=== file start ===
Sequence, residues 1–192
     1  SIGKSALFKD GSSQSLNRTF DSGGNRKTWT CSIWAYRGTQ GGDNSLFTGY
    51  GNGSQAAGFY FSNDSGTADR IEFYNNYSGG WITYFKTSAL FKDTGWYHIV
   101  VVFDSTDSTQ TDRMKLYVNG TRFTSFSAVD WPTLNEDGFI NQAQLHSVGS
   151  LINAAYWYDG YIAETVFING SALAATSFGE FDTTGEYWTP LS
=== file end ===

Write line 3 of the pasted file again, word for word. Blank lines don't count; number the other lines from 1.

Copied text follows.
    51  GNGSQAAGFY FSNDSGTADR IEFYNNYSGG WITYFKTSAL FKDTGWYHIV